— Photographer and arts journalist Bob Keefer, author of the invaluable Eugene Art Talk online journal, has undertaken an almost year-long project of following the development of a new version of The Snow Queen for Eugene Ballet, with a fresh score by Oregon composer Kenji Bunch and choreography by EB’s longtime artistic director, Toni Pimble, who is recognized nationally as a creator of vivid and original ballets. Keefer will write about ten installments leading up to the premiere next spring, and ArtsWatch will reprint them once they’ve debuted on Eugene Art Talk. Here’s Episode 2, focusing on designer Nadya Geras-Carson.

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The celestial strains of Alexander Courage’s famous theme from the original Star Trek series opened the second half of the Portland Cello Project’s concert Thursday night at Portland’s Old Church. It was an appropriate choice for a group that has taken its namesake instrument where no cello has gone before.

Now one of the city’s most popular musical exports, PCP has embarked on several successful national tours, appeared on National Public Radio, and has engaged pop and rock audiences like no other quasi-classical ensemble in memory since the Kronos Quartet. This concert showed why.

The show was a benefit for one of the city’s most invaluable music venues, The Old Church, which is raising funds for a air conditioner — a much -needed item, as anyone who sweltered through PCP’s 100-plus degree CD release concert there last summer will attest. The group has also recorded in the space, and deserve kudos for hosting this benefit to an institution that benefits the entire city’s music scene, in particular chamber and new music concerts by the likes of FearNoMusic and Third Angle.

PCP leader Douglas Jenkins, who took up the instrument as a college freshman (!) at the University of Oregon, has cherished classical music since his days of attending free rehearsals of the Honolulu Symphony as a kid, but he also played in punk bands as a teenager there. He led one of Portland’s most original bands, the improv-based, cello-guitar driven quartet Bright Red Paper, before starting the Cello Project, which he’s made into one of the unlikeliest success stories in pop music. They’re now rock stars — every music nerd’s dream come true.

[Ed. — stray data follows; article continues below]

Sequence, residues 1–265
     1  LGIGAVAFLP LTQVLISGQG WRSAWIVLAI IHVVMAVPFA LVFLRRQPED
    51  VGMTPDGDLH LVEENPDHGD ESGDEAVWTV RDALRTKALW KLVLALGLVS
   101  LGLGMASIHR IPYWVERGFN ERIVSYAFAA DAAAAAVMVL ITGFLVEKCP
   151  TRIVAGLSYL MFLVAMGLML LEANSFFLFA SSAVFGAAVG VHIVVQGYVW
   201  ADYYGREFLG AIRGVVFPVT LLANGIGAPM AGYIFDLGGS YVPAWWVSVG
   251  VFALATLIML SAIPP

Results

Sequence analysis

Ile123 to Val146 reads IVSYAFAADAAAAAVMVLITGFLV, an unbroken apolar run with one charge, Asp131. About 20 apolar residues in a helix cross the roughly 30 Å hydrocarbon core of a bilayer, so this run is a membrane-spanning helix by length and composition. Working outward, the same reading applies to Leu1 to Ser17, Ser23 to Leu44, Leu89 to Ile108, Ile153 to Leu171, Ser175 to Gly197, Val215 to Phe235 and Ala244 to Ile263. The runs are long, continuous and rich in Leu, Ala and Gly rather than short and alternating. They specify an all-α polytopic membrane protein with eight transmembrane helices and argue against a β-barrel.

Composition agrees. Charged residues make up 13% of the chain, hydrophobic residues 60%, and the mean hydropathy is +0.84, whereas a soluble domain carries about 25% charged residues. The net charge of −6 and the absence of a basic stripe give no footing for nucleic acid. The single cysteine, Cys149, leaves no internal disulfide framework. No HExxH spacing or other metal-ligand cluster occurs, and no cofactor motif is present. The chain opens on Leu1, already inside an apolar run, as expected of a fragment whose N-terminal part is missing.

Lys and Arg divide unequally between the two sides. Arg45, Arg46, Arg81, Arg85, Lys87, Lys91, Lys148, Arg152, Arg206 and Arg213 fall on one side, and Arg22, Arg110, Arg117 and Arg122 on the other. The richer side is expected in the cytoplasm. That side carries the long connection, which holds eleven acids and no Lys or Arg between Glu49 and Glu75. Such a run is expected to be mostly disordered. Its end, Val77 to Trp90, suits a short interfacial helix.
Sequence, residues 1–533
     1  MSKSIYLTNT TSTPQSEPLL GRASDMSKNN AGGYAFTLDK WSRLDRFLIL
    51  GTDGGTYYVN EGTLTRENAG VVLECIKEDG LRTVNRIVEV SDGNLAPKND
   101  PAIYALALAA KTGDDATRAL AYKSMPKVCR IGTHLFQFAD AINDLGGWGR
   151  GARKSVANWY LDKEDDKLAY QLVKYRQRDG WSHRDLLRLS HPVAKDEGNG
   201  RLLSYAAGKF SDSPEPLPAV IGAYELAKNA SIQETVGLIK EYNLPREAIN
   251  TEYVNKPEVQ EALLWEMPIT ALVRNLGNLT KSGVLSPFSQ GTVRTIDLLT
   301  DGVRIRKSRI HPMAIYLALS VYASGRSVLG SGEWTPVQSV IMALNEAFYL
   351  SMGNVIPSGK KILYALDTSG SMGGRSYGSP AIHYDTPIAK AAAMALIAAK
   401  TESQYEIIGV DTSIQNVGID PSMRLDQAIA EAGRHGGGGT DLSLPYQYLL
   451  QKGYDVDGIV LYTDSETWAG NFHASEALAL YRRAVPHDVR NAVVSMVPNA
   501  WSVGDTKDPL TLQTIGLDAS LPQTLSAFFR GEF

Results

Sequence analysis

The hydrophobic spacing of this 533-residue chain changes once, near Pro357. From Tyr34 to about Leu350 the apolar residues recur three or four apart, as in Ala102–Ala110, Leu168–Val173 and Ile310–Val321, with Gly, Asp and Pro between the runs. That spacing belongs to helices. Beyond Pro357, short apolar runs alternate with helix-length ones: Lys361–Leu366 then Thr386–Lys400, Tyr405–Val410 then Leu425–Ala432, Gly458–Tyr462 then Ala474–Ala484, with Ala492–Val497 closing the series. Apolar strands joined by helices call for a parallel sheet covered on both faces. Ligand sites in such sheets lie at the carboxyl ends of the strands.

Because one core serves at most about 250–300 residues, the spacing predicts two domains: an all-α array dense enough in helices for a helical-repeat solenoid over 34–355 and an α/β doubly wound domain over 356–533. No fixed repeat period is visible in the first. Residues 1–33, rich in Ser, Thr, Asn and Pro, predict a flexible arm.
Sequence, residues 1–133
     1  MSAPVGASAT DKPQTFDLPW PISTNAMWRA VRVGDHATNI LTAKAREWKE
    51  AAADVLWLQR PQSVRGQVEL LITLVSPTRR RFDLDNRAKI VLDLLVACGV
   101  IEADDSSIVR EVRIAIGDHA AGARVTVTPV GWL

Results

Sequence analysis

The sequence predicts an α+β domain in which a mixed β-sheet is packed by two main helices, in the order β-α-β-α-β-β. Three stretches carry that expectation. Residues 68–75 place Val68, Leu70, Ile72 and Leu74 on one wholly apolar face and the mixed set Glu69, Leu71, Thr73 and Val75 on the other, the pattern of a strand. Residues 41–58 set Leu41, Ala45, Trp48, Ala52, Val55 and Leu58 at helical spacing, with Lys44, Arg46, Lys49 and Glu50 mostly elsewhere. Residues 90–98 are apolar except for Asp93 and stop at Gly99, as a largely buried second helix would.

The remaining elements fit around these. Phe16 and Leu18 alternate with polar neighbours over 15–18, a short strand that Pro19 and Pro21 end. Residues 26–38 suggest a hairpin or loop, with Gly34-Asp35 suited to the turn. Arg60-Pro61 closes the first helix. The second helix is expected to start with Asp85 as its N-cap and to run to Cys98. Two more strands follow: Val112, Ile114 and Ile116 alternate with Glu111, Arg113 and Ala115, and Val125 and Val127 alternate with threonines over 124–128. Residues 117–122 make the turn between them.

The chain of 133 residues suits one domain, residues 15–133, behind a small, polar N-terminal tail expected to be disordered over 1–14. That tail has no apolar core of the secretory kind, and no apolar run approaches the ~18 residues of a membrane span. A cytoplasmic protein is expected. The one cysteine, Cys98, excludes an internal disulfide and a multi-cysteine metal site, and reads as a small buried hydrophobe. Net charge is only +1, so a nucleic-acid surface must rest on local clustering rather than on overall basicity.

Unlike PCP’s raucous, all-night dance parties at sold out rock clubs, which feature the cream of Portland indie rock scene singing their own hits and pop covers with PCP accompanying, this Old Church gig was a relatively conventional venue for an ensemble of “classical” instruments. But it did have one thing in common with the club gigs: this one, too, sold out.

The show opened with a lively classical piece, Manuel de Falla’s familiar “Ritual Fire Dance” from his 1915 ballet, Love the Magician, then delivered an original composition by PCP’s Gideon Freudmann (who was out of town and couldn’t make this gig). An arrangement of Duke Ellington and Juan Tizol’s famous “Caravan,” followed, and a famous chorus from Georges Bizet’s opera, Carmen, complete with audience participation. Then came several pieces by contemporary composers — including perhaps the hottest composer in the world today, Argentine-American Osvaldo Golijov and his plaintive “Lúa Descolorida,” (which I’ve also heard performed by his favorite singer, Dawn Upshaw, who premiered it; this version does the original justice).  Next came what Jenkins described as “a strict canon on a theme by [hip hop star] L’il Wayne, one of the most offensive songs in the history of man, ‘Lollipop’.” The set closed with Freudmann’s tuneful dirge, “Denmark,” inspired by a personal tragedy.

As a further preview of their forthcoming classical/ hip hop CD, PCP unleashed a Kanye West song, plus another jazz classic and another classic TV theme, Paul Desmond’s Brubeck Quartet hit “Take Five,” yoked to Lalo Schifrin’s driving Mission Impossible theme, and an unreleased song by the late, great Portland songwriter Elliott Smith, “Taking a Fall,” both from their darkly beautiful 2010 album A Thousand Words. And they revived one of their early signature covers, a dandy take on Britney Spears’ “Toxic,” before concluding with a Pantera cover that might have been the most inventive arrangement of the evening, and another Kanye West number.

This concert demonstrated that Portland Cello Project is much more than a gimmick. The cello, whose range approximates that of the human voice, can propel a band with plucked bass notes and also give wings to soaring melodies. Jenkins’ increasingly adept arrangements (now numbering nearly 700) for the ensemble provide musical depth while staying faithful to the pop hooks and tunes. The band’s hip hop covers bring out a pathos and musicality often obscured by massive beats and cliched, in-your-face lyrics. The group’s rhythmic prowess keeps heads nodding (in a good way) and feet tapping.